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Levonorgestrel-Releasing Intrauterine System Side Effects

Common Levonorgestrel-Releasing Intrauterine System Side Effects

Levonorgestrel-releasing intrauterine system has been studied extensively in clinical trials. In these studies, the side effects that occurred in a group of people using the device were carefully documented so it was possible to see what reactions occurred and how often they occurred.
 
Although side effects with the levonorgestrel-releasing intrauterine system are generally similar, the exact frequency and severity of the reactions may vary by product. Common levonorgestrel-releasing intrauterine system side effects include but are not limited to:
 
  • Changes in vaginal bleeding -- in up to 51.9 percent of women
  • Complete absence of a menstrual period -- up to 23.9 percent
  • Bleeding and spotting between menstrual periods -- up to 23.4 percent
  • Vaginal irritation or infections -- up to 20.2 percent
  • Acne -- up to 13.6 percent
  • Cysts on the ovaries, which are usually painless and disappear on their own within a month or two -- up to 13.2 percent
  • Abdominal (stomach) pain -- up to 12.8 percent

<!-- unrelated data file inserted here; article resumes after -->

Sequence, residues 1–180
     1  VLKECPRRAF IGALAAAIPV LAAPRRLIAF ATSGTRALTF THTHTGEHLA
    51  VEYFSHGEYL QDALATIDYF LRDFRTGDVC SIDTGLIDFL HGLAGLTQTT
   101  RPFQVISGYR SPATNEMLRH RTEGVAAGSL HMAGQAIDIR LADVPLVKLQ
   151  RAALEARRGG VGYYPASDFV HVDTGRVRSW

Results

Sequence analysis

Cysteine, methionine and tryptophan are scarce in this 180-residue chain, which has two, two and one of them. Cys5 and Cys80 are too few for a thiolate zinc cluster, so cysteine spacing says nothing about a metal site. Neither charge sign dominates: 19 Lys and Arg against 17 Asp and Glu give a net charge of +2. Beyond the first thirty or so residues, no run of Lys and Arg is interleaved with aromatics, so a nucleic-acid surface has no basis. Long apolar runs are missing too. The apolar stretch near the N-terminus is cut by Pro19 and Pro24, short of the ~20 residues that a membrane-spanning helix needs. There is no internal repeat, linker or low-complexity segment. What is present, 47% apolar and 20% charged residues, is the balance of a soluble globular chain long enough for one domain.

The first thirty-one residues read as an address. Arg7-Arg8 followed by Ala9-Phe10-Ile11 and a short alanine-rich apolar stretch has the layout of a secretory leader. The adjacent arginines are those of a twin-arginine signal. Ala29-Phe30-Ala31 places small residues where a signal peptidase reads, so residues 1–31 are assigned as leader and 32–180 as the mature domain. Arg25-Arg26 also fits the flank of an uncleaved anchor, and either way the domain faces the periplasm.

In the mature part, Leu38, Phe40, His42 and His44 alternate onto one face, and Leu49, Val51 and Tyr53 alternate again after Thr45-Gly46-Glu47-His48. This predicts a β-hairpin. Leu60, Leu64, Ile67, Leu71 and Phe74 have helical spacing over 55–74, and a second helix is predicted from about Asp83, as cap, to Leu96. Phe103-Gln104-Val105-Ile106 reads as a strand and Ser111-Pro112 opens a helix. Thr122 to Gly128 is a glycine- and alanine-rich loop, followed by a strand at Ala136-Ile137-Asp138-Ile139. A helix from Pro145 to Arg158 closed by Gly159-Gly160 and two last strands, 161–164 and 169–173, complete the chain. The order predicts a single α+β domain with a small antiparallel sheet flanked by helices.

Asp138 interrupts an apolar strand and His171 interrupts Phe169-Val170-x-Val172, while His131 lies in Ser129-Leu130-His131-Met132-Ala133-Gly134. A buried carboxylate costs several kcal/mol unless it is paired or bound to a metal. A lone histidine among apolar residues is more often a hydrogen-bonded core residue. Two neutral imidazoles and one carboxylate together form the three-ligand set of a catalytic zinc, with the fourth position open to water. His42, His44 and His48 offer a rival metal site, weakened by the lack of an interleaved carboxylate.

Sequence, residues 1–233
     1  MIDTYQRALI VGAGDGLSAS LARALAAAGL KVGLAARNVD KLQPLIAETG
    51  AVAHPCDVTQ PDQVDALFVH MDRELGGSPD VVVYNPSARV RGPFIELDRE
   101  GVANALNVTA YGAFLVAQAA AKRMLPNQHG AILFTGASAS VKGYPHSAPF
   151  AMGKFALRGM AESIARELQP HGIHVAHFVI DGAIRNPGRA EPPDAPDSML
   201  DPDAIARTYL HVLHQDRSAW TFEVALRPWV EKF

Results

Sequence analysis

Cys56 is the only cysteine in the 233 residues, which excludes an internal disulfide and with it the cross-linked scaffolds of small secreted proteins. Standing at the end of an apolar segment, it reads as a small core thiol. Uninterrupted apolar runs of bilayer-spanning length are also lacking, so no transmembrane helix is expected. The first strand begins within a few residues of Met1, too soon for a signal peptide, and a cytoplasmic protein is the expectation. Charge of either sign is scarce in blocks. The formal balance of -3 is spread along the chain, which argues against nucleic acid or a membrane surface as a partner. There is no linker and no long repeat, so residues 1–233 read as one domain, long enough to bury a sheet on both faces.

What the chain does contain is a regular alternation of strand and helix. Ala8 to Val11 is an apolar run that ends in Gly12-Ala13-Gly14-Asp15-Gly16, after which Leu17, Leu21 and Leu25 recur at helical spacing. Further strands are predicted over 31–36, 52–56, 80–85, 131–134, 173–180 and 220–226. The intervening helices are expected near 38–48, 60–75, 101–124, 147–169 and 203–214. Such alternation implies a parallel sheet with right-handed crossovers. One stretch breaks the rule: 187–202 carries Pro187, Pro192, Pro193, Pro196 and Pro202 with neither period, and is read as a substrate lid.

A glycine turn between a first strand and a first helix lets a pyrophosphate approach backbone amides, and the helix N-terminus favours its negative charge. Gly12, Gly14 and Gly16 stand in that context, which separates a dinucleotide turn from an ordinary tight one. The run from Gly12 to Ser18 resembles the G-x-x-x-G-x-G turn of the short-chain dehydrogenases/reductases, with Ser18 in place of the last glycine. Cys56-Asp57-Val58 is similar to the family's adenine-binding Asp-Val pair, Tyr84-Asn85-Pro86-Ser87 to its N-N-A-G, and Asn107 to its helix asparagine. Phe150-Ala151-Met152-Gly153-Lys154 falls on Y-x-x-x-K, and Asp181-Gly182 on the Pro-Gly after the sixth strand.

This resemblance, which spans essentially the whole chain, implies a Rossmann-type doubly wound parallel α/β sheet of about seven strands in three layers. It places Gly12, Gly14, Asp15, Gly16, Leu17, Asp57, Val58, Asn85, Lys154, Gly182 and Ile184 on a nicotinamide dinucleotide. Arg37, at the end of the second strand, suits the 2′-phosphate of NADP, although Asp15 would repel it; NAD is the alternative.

• Headache or migraine -- up to 12.4 percent
  • Painful menstrual periods -- up to 8.6 percent
  • Increased, heavy, or prolonged bleeding -- up to 7.8 percent
  • Depression or changes in mood -- up to 6.4 percent
  • Pelvic pain -- up to 6.2 percent.
 
Other problems, reported in up to 5.5 percent of women, included:
 
  • Nausea
  • Breast tenderness, pain, or discomfort
  • Vaginal discharge
  • Expulsion of the device (when it comes out on its own)
  • Oily skin
  • Hair loss
  • Nervousness
  • Back pain
  • Weight gain (see Mirena and Weight Gain)
  • Decreased sex drive
  • Increased blood pressure (hypertension)
  • Painful sex
  • Anemia
  • Hair loss
  • Skin problems, including rash, hives, and itching
  • Abdominal (stomach) bloating
  • Excessive hair growth
  • Swelling caused by fluid retention (edema).
 
Many women experience changes in their monthly periods during treatment. You may have irregular periods, bleeding that is lighter or heavier than normal, and frequent spotting for the first three to six months. After this time, bleeding usually becomes lighter and spotting lessens. Some women stop having menstrual periods altogether.
 
If you do not have a period for six weeks, you should contact your healthcare provider. Even though this is normal, and usually harmless, your healthcare provider will want to make sure you're not pregnant the first time it happens.
 
Last reviewed by: Kristi Monson, PharmD
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